I grew up on the sound of trains, which is probably why I like riding them so much. The rumble forward and the side to side roll of the carriages jostling along has always been comforting to me. Like a carriage of one hundred conversations I guess, that rumble always seemed like the train was talking in it’s own voice.
I take the train from Union Station in Los Angeles to San Diego and watch the Pacific swell and crest through the windows, that oceanic bridge between home and away. I also take the train from outside my apartment in New Zealand to downtown. I walk amongst hordes of office workers, school children and all manner of people on trains.
When you think of public transportation, it’s too easy to think just of the commute to work. But really, public transportation is any way of getting somewhere that you don’t get complete control of the journey or your fellow passengers.
I once took a train for four days across the Australian desert from east to west. That time I was lucky – my fellow travellers were a group of beautiful humans that I still pay attention to today. I took a train to the Lake District earlier this year and made conversations with a stranger but mostly on trains, I just pay attention and observe.
Trains used to be great observation stations of human culture and interaction. They are less about human interaction than they used to be. It used to be that you could see what books someone was reading or the newspaper and share a knowing glance, even a passing smile. Sometimes there was even chance to smile and maybe flirt a little, with the same people you see every day.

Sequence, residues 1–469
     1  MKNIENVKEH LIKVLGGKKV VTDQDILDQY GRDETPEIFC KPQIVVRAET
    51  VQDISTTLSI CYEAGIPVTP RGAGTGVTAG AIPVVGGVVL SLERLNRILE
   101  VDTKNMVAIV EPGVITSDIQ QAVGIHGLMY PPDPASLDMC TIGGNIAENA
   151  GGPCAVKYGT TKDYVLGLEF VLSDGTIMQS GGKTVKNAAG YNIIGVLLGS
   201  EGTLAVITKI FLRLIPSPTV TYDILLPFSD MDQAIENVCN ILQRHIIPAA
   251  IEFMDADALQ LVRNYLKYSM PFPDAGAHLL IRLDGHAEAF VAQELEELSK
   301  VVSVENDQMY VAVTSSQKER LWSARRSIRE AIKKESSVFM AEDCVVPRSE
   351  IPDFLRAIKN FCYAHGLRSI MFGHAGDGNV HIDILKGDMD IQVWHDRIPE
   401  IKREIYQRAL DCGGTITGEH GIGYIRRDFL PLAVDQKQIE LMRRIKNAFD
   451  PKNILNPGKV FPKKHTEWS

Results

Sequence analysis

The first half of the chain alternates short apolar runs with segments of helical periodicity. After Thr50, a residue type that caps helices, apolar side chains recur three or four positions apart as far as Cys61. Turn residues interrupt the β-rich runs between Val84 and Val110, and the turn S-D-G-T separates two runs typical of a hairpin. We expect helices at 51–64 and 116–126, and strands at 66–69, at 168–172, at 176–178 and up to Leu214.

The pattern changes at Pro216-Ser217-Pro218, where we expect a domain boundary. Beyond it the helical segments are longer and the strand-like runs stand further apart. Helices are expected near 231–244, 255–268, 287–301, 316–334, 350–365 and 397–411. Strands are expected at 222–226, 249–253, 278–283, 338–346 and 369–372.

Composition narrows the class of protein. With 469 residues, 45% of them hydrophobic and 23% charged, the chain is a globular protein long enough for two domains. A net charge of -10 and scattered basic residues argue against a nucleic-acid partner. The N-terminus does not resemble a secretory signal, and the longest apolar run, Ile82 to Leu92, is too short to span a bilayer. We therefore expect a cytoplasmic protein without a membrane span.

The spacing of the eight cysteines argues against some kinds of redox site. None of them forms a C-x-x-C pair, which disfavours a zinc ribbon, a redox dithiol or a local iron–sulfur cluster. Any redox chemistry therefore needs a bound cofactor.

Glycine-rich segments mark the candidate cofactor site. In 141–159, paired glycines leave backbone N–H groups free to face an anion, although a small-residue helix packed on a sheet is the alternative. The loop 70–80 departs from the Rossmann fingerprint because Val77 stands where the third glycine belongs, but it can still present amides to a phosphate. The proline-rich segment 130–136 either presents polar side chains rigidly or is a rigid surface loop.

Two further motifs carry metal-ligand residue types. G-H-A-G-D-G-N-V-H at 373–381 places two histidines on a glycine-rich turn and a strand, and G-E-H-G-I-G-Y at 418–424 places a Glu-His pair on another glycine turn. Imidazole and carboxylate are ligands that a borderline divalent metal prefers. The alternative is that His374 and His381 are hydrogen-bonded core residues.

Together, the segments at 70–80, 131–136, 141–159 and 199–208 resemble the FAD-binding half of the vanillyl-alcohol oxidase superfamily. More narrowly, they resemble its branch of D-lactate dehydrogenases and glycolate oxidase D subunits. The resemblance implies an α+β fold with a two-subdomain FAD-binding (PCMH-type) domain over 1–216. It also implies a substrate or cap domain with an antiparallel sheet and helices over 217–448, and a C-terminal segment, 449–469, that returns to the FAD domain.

Now, you step onto the train to rows of bowed heads and headphones designed to drown out noise and flood the listener with some other distraction. Trains are quiet places now, because hardly anyone talks back.
I watched a heavily pregnant woman (yes, I was actually thinking through how I would help deliver a baby if it came before we left the train) stand in the stifling humid London heatwave while a carriage full of people ignored her. We’ve become so good at ignoring each other. I guess I used to think of public transportation as a shared journey, a shared experience. But now I think humanity is becoming far too good at being alone together.
We miss all the small chances for connection and human engagement throughout our day – we’ve forgotten the art of small talk because no one has time for it anymore. We just learn to be alone in the midst of being together, refusing to engage in shared experiences.
Public transportation makes me lonely, because I already spend too much time in my own thoughts. I sit on that train and rumble towards the next stop; watching the dozen or so people in my carriage with their heads bent. I wouldn’t recognise them on the street because I only see the top of their heads or maybe the toe of a shoe. And I watch people travelling together but entirely alone.